About a year ago I began training for the “Gasparilla Distance Classic,” a collection of footraces that spans a weekend in Tampa, FL every year. I attempted to complete a challenge consisting of four races: a 5k, an 8k, a 15k, and a Half Marathon all within 24 hours. If you’ve ever spoken to anyone who has run a long-distance race, swam an endurance swim, or competed in an endurance event of any kind, they will tell you about the euphoric moment of finishing or even winning the event, but often the pain of training and enduring is left out. Similarly, when investing we talk about our wins or how we completed our financial goals, but we fail to share the pain or anxiety that comes with that at times. Unfortunately for many of us in our marathon of investing, we are in the midst of training season and now is a difficult time.
After a potentially promising start for the markets in the third quarter, the markets gave back most of the gains and by the end of September the market was at new lows. The S&P 500 was down about 24%, with the Dow Jones down less and the NASDAQ, again, down more. Bonds also continued their struggle in the third quarter with yields on the 10-Yr Treasury rising close to 4.0%. Remember, as bond yields rise, bond prices fall. The markets continued their downward streak as the economy faced the same issues as before with little true improvement: high inflation and a Federal Reserve resolute on trying to slow it down.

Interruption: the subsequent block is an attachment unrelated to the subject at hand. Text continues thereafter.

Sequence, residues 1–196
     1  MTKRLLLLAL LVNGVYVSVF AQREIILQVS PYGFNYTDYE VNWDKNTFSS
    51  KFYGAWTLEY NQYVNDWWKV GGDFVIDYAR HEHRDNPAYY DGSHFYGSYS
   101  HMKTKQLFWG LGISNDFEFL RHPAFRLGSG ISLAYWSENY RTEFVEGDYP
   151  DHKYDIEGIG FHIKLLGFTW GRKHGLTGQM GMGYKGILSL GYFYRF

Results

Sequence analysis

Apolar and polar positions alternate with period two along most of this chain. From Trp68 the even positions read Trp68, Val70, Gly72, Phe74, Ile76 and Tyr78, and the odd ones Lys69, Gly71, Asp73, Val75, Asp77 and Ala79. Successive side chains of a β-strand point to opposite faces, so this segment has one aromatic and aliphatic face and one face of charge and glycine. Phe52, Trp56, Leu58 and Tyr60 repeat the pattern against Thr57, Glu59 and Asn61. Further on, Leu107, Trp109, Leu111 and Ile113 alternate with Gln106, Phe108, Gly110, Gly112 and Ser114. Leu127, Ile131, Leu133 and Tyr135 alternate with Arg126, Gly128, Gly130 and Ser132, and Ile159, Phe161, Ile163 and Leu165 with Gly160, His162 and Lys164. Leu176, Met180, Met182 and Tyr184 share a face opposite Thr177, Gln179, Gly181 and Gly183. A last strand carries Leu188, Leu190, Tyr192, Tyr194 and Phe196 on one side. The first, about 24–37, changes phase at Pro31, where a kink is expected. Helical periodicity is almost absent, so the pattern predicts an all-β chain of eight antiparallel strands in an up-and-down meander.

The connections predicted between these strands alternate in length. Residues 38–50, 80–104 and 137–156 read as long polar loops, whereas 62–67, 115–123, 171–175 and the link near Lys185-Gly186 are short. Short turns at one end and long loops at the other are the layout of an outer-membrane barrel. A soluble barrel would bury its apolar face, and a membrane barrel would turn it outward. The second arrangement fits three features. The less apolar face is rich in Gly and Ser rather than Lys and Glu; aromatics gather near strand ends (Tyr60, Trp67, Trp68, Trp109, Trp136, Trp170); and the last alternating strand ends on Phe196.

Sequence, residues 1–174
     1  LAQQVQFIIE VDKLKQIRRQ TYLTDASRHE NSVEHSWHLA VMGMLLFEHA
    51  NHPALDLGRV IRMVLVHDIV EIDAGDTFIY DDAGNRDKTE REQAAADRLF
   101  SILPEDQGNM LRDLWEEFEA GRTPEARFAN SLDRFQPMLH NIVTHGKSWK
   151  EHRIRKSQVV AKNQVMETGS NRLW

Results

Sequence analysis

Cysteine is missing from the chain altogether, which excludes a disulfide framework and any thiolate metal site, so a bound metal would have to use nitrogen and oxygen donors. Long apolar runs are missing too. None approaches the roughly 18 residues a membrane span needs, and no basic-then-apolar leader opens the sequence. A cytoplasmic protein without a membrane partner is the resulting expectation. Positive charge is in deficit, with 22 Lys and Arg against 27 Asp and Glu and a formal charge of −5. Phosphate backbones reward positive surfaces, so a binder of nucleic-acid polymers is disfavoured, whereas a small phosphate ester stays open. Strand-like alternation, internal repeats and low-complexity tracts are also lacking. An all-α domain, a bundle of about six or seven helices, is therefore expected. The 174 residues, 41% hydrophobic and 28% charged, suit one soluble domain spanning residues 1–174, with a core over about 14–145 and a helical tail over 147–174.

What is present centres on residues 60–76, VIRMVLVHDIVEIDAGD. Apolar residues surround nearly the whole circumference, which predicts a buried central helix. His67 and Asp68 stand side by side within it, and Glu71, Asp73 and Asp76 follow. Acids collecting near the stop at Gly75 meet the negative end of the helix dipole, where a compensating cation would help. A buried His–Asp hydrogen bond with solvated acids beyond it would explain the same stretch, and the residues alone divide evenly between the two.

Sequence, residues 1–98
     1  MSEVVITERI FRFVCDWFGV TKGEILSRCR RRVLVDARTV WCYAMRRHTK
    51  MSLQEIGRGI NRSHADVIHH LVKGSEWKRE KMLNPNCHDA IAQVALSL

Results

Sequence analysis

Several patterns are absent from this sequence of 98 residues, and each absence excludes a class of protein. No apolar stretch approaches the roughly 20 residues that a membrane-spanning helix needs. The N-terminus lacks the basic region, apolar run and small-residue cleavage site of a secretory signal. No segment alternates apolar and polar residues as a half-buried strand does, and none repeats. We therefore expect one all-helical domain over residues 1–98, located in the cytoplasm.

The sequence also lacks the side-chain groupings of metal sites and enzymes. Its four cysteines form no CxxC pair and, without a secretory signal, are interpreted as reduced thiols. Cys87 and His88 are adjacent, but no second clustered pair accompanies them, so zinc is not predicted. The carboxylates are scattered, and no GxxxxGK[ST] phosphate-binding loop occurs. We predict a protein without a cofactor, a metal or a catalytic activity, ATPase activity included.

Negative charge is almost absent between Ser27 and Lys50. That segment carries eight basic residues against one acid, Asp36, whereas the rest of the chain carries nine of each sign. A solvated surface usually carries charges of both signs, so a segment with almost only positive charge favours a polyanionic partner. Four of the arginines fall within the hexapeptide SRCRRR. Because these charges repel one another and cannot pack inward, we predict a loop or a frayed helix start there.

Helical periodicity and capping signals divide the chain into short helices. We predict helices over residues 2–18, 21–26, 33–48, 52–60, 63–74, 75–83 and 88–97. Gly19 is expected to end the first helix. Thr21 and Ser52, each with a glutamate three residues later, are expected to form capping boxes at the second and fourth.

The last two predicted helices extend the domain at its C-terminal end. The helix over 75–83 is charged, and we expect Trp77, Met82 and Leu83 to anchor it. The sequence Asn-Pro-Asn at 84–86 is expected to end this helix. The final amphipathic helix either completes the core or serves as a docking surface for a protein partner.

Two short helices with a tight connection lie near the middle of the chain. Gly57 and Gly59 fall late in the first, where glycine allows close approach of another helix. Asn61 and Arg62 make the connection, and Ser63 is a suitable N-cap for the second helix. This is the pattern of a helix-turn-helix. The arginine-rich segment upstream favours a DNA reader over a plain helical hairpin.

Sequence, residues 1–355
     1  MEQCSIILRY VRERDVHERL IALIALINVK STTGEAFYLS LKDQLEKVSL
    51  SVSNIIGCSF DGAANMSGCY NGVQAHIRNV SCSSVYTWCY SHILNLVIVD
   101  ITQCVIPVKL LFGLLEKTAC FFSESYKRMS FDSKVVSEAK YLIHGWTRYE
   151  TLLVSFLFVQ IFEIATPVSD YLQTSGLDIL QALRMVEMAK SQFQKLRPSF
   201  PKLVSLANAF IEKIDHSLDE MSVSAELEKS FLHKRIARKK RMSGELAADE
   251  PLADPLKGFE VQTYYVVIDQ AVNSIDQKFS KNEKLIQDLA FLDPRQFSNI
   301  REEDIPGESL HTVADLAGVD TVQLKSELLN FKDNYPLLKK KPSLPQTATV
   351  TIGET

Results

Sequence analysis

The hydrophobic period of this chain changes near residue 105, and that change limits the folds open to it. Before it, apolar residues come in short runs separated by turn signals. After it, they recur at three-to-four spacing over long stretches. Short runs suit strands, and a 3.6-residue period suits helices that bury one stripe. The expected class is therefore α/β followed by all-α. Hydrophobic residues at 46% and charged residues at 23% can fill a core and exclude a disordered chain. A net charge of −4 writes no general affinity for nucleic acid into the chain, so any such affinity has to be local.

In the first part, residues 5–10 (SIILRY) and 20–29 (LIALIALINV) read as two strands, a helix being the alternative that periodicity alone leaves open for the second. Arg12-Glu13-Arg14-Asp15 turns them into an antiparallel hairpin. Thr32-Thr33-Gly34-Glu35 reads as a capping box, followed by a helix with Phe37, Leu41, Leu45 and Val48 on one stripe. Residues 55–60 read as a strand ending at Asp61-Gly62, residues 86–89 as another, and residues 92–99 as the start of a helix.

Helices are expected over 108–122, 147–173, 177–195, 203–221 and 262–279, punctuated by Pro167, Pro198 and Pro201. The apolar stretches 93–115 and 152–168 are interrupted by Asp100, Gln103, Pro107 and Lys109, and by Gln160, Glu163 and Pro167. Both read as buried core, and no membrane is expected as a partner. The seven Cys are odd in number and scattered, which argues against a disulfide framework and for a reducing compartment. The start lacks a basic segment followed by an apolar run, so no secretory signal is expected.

Last quarter we asked the question, “How did we get into this situation?” The next natural question to ask is “What comes next? Up or down?” The reality with that question is both up and down. The economy is weaker than it was to start the year but still very resilient. Consumers are adapting and while some consumers may be changing what they purchase, the important thing is that consumers haven’t pulled back on their purchases overall. In addition, businesses have slowed the pace of hiring, but few companies are experiencing mass layoffs and the unemployment remains near all-time lows solidly below 4.0%. Furthermore, leading indicators indicate that inflation is turning downward but is likely to remain stubbornly high. Until inflation tapers off more substantially and the Federal Reserve stops increasing interest rates, we are likely to see continued volatility in the markets.
In this way, the current state of the economy and markets is very similar to the middle of training for a marathon. It’s uncomfortable, it’s tiring, and it seems like the pain will never end. Rather than focusing on where the bottom of the market is, we recommend reviewing your plan. Preparing for a marathon means identifying your pace you’re going to run at, what you’re going to eat or drink along the way, and even what shoes you’re going to wear. Investing is the same way. Have you identified with your advisor the right asset allocation (your marathon pace), what you’re going to eat along the way (rebalancing and adding to the portfolio), and the right mix of accounts, annuities, and insurance you’re going to need (the right shoes and socks)? These are the things that in the moment of endurance help you reach the euphoric end goals, whether you are running or investing.